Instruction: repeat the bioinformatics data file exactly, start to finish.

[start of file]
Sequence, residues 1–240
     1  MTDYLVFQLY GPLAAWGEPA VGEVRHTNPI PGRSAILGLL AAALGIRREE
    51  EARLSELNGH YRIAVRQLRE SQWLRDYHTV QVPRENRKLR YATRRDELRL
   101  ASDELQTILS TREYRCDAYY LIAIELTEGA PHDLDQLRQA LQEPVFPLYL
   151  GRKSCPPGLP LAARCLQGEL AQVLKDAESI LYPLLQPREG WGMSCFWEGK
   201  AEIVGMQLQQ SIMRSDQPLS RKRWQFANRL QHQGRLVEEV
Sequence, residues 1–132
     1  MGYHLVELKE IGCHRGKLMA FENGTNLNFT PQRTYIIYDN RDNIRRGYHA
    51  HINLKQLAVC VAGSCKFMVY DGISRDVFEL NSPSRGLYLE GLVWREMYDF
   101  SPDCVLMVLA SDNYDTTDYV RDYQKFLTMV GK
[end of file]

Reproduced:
Sequence, residues 1–240
     1  MTDYLVFQLY GPLAAWGEPA VGEVRHTNPI PGRSAILGLL AAALGIRREE
    51  EARLSELNGH YRIAVRQLRE SQWLRDYHTV QVPRENRKLR YATRRDELRL
   101  ASDELQTILS TREYRCDAYY LIAIELTEGA PHDLDQLRQA LQEPVFPLYL
   151  GRKSCPPGLP LAARCLQGEL AQVLKDAESI LYPLLQPREG WGMSCFWEGK
   201  AEIVGMQLQQ SIMRSDQPLS RKRWQFANRL QHQGRLVEEV
Sequence, residues 1–132
     1  MGYHLVELKE IGCHRGKLMA FENGTNLNFT PQRTYIIYDN RDNIRRGYHA
    51  HINLKQLAVC VAGSCKFMVY DGISRDVFEL NSPSRGLYLE GLVWREMYDF
   101  SPDCVLMVLA SDNYDTTDYV RDYQKFLTMV GK